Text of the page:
[FIGURE 1 OMITTED]
Two attribution models of different stringency1 were applied and indicated that NP events directly attributable to SLE accounted for 19% to 38% of all events and affected 6% to 12% of the study population. Of these events, the most frequent were seizure disorders, cerebrovascular disease, mononeuropathy, acute confusional states, cranial neuropathy, myelopathy, polyneuropathy, aseptic meningitis, mood disorders, and psychosis, with each of the remaining syndromes affecting no more than 2% of patients. Regardless of attribution, the occurrence of NP events in this patient cohort was associated with a significant negative impact on patients' self-reported HRQOL, as indicated by lower mental and physical component summary scores of the SF-36.1 In a separate study, the same association has been demonstrated over 8 years of follow-up.14 Thus, although NP events are common in SLE patients, it is likely that a minority are directly attributable to lupus. Regardless of attribution, the occurrence of NP events is associated with a significant negative impact on HRQOL.
Pathogenesis of NP-SLE
When considering which lupus related immunopathogenic mechanisms contribute to NP events, it is helpful to consider whether the anatomical location of injury results in either a focal (e.g., stroke, seizure) or diffuse (e.g., acute confusion, psychosis) NP event. (15) The factors that contribute to primary SLE include vasculopathy, autoantibodies, and inflammatory mediators (Fig. 1). Each plays a role in the pathogenesis of focal and diffuse NP events to a variable degree. For example, antiphospholipid antibodies are paramount in causing intravascular thrombosis leading to focal NP disease, while the production of intracranial inflammatory mediators is the major disease mechanism underling diffuse NP events.
Antiphospholipid Antibodies and Vasculopathy
In addition to the thrombosis of large intracranial vessels mediated by antiphospholipid antibodies, neuropathological studies of SLE patients have indicated the presence of a microvasculopathy, characterized by endothelial proliferation and fibrinoid necrosis. (16) Intraluminal plugging of small vessels due to leukoagglutination has also been identified. (17) Both neuropathological abnormalities occur in close anatomical association with cerebral microinfarction, thereby implying a causal association.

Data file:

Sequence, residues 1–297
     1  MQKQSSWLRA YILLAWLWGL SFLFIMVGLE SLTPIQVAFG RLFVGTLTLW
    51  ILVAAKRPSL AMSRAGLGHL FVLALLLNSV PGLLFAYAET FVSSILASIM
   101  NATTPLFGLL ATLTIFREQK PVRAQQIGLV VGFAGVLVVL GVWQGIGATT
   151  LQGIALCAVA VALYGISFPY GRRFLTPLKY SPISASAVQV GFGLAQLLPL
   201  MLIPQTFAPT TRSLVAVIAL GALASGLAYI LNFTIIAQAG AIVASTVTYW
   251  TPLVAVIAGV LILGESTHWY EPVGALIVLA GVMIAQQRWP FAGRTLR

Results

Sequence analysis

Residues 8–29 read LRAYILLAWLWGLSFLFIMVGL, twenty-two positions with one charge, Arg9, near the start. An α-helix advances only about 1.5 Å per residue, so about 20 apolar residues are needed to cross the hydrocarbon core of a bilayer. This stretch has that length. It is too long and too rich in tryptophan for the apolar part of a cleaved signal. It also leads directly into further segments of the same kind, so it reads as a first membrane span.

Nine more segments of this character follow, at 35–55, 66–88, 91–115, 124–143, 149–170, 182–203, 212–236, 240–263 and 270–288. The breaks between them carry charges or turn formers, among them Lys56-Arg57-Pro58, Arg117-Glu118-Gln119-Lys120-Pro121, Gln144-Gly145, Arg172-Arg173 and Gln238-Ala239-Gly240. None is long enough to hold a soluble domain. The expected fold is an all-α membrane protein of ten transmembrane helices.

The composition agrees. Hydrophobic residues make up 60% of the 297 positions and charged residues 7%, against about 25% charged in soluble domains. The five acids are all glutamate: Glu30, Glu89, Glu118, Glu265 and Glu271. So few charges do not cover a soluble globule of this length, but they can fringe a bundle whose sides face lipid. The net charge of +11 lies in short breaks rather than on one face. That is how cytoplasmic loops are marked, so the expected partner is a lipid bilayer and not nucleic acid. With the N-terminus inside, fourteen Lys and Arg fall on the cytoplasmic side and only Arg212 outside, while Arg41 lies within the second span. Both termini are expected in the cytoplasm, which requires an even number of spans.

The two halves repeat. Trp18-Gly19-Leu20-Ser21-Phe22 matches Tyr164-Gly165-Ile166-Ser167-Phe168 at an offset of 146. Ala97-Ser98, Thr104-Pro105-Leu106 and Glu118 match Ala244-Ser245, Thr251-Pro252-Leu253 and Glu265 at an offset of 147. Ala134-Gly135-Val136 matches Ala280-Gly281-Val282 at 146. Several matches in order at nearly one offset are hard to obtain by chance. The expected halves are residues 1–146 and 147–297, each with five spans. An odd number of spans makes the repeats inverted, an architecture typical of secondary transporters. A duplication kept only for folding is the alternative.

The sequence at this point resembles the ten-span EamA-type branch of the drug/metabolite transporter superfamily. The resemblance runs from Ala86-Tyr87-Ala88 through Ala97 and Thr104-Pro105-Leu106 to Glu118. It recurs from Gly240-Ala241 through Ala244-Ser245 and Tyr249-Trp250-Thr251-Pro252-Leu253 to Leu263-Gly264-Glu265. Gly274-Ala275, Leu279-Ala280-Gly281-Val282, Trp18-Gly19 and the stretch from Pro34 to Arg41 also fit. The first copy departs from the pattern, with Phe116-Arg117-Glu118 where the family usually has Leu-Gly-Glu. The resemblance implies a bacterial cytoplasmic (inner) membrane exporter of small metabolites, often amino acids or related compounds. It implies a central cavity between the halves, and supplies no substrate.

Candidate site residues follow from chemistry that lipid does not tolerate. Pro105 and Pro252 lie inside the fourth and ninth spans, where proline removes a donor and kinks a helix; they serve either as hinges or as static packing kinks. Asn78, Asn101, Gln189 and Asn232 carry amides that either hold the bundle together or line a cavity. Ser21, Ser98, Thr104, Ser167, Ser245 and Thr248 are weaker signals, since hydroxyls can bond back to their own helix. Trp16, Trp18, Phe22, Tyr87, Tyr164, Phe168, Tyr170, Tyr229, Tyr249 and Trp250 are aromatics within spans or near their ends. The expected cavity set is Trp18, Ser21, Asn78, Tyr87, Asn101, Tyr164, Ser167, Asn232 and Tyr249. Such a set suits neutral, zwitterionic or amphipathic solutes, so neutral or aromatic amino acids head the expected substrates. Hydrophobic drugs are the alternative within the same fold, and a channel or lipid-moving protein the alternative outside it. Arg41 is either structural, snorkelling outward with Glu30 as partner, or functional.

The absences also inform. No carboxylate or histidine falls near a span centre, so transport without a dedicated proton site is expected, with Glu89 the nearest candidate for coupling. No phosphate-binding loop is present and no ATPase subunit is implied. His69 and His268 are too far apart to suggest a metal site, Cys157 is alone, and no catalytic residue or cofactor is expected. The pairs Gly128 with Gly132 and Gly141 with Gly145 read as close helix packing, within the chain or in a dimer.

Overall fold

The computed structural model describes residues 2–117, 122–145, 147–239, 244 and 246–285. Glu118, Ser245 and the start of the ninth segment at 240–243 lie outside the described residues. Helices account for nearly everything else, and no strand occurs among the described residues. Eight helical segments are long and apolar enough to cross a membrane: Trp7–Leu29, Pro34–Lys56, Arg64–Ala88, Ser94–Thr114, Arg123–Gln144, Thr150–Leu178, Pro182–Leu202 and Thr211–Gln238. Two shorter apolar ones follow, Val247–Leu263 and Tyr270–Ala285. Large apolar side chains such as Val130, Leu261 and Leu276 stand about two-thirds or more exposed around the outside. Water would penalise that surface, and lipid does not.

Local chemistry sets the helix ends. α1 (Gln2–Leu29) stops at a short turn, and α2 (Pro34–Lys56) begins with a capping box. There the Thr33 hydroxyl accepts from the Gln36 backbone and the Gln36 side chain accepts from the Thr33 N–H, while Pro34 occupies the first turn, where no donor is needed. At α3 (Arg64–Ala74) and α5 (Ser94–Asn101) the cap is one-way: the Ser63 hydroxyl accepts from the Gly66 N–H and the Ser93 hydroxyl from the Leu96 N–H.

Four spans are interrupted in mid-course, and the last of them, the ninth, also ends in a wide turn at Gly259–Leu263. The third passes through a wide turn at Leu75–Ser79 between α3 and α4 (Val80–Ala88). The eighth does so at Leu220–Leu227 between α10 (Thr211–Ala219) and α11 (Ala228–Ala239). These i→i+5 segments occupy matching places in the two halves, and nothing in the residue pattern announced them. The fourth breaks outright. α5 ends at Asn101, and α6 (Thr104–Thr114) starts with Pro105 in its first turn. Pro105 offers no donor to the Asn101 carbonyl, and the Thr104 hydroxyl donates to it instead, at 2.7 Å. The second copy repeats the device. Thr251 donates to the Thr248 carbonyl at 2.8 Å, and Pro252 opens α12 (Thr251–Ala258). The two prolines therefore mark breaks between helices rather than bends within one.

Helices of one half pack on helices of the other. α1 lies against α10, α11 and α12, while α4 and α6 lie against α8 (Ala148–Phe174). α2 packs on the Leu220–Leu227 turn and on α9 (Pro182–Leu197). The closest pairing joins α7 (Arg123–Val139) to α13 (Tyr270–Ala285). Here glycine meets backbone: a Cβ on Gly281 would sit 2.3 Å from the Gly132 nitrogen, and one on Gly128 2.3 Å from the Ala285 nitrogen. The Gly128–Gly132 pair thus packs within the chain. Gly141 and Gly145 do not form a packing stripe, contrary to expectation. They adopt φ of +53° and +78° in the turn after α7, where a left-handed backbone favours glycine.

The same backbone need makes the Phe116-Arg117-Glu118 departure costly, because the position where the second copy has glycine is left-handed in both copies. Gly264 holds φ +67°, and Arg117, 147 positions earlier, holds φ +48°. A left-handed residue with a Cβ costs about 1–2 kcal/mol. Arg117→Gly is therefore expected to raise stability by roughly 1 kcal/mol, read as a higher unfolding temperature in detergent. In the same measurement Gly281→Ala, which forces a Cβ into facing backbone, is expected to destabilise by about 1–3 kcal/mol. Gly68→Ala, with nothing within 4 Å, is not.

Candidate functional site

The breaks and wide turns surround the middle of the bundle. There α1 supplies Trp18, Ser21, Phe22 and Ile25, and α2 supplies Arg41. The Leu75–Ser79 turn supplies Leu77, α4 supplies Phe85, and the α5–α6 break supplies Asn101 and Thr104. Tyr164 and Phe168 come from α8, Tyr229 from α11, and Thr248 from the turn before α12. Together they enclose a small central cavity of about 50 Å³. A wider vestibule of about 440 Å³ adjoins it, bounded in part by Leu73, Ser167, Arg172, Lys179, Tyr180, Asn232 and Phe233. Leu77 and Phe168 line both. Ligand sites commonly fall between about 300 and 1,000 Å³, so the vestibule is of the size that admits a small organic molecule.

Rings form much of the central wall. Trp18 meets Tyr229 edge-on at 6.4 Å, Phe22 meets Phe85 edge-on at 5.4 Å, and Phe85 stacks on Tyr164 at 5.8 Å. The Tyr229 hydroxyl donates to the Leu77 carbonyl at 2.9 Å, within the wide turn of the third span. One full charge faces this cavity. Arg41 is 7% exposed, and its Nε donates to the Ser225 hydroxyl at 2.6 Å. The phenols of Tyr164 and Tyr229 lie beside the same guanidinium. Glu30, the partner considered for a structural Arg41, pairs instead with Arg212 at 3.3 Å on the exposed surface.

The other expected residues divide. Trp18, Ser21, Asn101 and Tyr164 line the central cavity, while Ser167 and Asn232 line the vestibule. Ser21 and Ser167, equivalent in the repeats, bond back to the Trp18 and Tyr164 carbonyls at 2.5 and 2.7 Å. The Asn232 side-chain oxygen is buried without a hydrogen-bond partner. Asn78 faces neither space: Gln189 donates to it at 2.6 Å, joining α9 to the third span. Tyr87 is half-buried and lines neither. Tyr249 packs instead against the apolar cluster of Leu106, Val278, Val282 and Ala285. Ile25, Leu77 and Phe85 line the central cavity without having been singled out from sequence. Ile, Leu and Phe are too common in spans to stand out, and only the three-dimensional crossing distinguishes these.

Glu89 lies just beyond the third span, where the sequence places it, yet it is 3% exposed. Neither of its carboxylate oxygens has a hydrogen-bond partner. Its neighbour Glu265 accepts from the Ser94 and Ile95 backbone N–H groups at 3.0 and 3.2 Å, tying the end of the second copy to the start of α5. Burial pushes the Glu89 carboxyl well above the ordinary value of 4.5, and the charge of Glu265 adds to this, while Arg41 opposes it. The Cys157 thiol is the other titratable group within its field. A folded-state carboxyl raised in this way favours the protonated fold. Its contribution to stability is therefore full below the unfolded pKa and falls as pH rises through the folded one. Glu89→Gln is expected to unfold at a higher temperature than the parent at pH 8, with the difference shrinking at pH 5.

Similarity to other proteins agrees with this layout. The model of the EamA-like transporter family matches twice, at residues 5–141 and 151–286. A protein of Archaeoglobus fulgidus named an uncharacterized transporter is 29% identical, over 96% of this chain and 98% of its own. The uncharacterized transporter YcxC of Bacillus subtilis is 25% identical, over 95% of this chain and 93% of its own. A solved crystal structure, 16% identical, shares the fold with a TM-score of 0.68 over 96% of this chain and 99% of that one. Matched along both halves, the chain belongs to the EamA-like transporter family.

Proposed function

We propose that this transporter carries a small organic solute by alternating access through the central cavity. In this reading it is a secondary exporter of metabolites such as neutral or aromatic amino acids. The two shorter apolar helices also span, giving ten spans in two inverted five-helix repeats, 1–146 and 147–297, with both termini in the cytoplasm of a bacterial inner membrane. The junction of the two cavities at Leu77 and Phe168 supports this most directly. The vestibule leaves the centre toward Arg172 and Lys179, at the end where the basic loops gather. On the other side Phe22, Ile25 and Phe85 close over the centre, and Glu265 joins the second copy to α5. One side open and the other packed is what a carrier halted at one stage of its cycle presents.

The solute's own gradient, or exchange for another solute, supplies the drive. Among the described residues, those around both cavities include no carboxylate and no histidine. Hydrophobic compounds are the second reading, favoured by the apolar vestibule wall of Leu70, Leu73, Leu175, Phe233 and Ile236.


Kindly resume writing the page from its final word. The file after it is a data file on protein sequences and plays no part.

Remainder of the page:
Evidence from human studies implicating antineuronal antibodies in the pathogenesis of NP-SLE is largely circumstantial and includes the temporal relationship between the presence of circulating autoantibody and the NP event, the occurrence of autoantibodies in the cerebrospinal fluid (CSF), and, in a limited number of cases, the elution of autoantibody from brain tissue in SLE patients who have succumbed to their disease. (18) More direct evidence is available from animal studies, in which the intracranial injection of antineuronal antibodies has induced memory deficits, seizures, and neuropathological changes.18 The source of these autoantibodies includes both the circulation, by virtue of passage through a permeabilized blood-brain barrier, and direct intrathecal production within the central nervous system. (18) Efforts to characterize the fine specificity of antineuronal antibodies in order to further our understanding of their immunopathogenic role have met with mixed results. Studies in murine lupus models have revealed that a subset of anti-DNA antibodies reacts with the extracellular ligand binding domain of NR2 glutamate receptors, (19) which are present throughout the forebrain, and, in particular, the hippocampus, a critical location for learning and memory. In contrast to other antineuronal antibodies, the binding of anti-NR2 antibodies has functional consequences, including apoptosis. In human SLE, anti-NR2 antibodies have been detected in both the circulation (20-23) and in the CSF. (24,25) Although the studies of circulating anti-NR2 and NP disease have yielded conflicting results, (20-23) their detection in the CSF provides a closer association with NP events. (24,25)
Antiribosomal-P (Anti-P) Antibodies